crossroads for conquest and commerce in the heart of Central
Asia, Afghanistan is no stranger to violence and instability.
Over the years, it has seen the caravans of the Silk Road
and the armies of Alexander the Great, Genghis Khan and Tamerlane
pass through. More recently, since 1979, the country has been
ravaged by a succession of devastating conflicts.
The population has suffered terribly.
The capital Kabul has been almost totally destroyed, including
most of its infrastructure and industry. Since the fall of
Taliban in 2001, and especially in the past two years, the
conflict has intensified and spread. Civilians have borne
the brunt of the fighting and are subjected daily to the effects
of the violence — suicide attacks, air raids, generalized
insecurity — sometimes compounded by natural disasters
such as floods, drought and earthquakes.
The scale of the needs goes beyond
mere numbers. Well established in the country through its
extensive network of local staff and expatriates, the ICRC
is one of the only humanitarian actors to have maintained
a continuous presence in Afghanistan throughout the conflicts.
On the medical front, surgical and
physical rehabilitation activities and support to health facilities
are top of the list of priorities. Since 1988, the ICRC has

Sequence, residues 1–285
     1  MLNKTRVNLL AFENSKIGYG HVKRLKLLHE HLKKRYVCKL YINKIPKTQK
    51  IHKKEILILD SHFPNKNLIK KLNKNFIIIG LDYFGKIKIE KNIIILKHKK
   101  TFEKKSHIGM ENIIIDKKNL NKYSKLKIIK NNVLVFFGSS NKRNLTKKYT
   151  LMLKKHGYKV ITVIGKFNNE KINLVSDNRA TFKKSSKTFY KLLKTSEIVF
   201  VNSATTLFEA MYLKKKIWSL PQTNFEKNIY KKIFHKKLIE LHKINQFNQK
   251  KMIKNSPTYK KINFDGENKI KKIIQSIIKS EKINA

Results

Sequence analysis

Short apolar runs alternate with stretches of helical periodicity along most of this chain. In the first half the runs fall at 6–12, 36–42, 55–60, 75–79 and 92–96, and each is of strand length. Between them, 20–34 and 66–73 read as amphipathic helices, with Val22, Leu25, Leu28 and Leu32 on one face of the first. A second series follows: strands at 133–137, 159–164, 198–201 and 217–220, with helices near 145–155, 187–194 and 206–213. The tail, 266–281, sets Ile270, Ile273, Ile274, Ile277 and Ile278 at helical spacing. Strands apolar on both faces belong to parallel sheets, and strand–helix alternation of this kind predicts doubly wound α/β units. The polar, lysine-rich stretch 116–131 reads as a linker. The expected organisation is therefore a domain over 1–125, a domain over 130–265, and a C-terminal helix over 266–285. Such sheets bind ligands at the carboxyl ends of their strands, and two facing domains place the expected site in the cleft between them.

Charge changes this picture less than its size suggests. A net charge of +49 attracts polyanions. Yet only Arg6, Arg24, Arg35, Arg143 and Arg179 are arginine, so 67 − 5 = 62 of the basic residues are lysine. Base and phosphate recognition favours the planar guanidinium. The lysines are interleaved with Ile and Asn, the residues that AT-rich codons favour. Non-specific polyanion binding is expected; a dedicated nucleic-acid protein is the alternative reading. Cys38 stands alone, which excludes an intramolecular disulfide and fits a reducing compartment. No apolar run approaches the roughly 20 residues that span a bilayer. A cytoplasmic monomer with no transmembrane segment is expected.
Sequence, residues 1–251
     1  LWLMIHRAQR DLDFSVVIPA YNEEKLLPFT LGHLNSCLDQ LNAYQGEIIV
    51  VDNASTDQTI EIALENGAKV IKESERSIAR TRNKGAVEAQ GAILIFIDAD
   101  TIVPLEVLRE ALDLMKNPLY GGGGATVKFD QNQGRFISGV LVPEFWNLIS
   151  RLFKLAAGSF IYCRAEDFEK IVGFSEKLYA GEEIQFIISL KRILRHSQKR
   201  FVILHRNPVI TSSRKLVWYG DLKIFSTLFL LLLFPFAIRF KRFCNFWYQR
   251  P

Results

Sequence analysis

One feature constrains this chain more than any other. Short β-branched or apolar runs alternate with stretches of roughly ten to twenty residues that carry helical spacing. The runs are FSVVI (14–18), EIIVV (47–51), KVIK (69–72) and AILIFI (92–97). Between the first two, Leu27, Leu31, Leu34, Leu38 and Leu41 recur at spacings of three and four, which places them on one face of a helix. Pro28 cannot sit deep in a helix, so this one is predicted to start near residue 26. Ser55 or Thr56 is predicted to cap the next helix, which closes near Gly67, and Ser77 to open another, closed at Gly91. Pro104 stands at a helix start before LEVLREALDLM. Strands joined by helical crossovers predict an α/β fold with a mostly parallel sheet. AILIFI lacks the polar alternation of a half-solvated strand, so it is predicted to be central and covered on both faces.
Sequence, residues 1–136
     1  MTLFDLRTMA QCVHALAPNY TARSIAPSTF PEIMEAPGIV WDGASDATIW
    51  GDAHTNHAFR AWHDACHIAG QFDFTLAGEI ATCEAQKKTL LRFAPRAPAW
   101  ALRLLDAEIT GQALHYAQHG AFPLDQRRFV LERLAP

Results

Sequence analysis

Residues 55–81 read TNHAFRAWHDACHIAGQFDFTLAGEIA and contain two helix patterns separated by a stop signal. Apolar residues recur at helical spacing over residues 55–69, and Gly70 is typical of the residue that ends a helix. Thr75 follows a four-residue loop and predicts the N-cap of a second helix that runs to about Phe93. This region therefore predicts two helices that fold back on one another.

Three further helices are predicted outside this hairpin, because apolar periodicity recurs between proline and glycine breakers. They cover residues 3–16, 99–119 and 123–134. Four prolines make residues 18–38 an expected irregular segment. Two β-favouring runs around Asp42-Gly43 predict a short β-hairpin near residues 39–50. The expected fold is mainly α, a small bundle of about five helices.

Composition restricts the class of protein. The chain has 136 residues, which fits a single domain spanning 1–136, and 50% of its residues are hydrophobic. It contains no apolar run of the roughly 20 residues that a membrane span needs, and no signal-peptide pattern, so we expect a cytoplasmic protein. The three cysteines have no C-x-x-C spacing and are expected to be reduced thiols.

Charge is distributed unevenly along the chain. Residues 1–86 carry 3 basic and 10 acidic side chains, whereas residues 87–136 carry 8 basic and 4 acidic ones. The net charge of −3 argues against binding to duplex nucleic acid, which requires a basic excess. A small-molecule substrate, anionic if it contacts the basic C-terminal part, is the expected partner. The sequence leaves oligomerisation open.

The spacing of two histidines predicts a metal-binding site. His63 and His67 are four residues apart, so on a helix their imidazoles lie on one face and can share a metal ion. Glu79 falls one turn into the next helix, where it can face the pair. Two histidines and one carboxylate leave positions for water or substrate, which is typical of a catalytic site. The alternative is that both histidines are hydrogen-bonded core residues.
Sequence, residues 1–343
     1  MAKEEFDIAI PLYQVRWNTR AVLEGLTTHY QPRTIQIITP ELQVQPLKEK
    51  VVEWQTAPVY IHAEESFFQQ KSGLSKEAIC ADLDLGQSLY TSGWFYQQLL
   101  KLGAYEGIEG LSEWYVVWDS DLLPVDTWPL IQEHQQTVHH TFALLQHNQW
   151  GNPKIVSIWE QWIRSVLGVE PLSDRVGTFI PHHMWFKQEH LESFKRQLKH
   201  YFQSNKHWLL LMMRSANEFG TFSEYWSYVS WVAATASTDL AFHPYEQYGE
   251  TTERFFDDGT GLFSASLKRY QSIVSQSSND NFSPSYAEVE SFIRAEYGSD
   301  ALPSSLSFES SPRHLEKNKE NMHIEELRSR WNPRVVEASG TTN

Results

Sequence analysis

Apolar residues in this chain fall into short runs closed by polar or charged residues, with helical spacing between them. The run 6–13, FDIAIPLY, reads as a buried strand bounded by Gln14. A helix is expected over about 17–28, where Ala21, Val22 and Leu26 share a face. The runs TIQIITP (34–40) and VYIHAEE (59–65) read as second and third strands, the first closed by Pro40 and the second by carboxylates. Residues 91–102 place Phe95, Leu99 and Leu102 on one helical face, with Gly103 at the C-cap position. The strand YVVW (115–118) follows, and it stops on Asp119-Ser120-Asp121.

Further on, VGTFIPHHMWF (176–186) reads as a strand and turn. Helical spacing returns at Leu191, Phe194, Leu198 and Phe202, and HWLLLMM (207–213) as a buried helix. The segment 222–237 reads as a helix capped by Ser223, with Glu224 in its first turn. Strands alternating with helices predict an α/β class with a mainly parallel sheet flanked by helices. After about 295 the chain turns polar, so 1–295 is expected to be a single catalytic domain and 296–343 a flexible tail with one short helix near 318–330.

provided limb-fitting and rehabilitation services for physically
disabled people, be they landmine victims or suffering from
a motor deficiency. Once their treatment is complete, they
are offered microcredit assistance and loans to help them
sustain a livelihood and avoid a life of dependence.
The Afghan Red Crescent Society is
a key partner of the ICRC, with some 10,000 volunteers trained
in first aid and health care active in remote areas, notably
in the 16 provinces worst affected by the conflict.
The fighting often causes civilians
to flee their homes. When that happens, the ICRC provides
them with emergency food and material assistance, distributed
with the help of the Afghan Red Crescent.
ICRC delegates regularly visit people
who, for reasons related to conflict or violence, have been
detained by the Afghan authorities or other armed forces,
such as those of the United States and NATO. In addition to
providing protection and material assistance, the ICRC facilitates
contacts between the detainees and their families by means
of Red Cross messages, assisted by the Afghan Red Crescent.
Time passes and the situation gets
steadily worse. For the people of Afghanistan, there seems
to be no end in sight to their suffering. For humanitarian
organizations, security conditions are extremely dangerous.
The ICRC’s greatest challenge in this environment is
to gain acceptance by all the parties to the conflict as a
neutral and independent humanitarian actor whose sole aim
is to protect and assist the victims of conflict.
ICRC editor Red Cross Red Crescent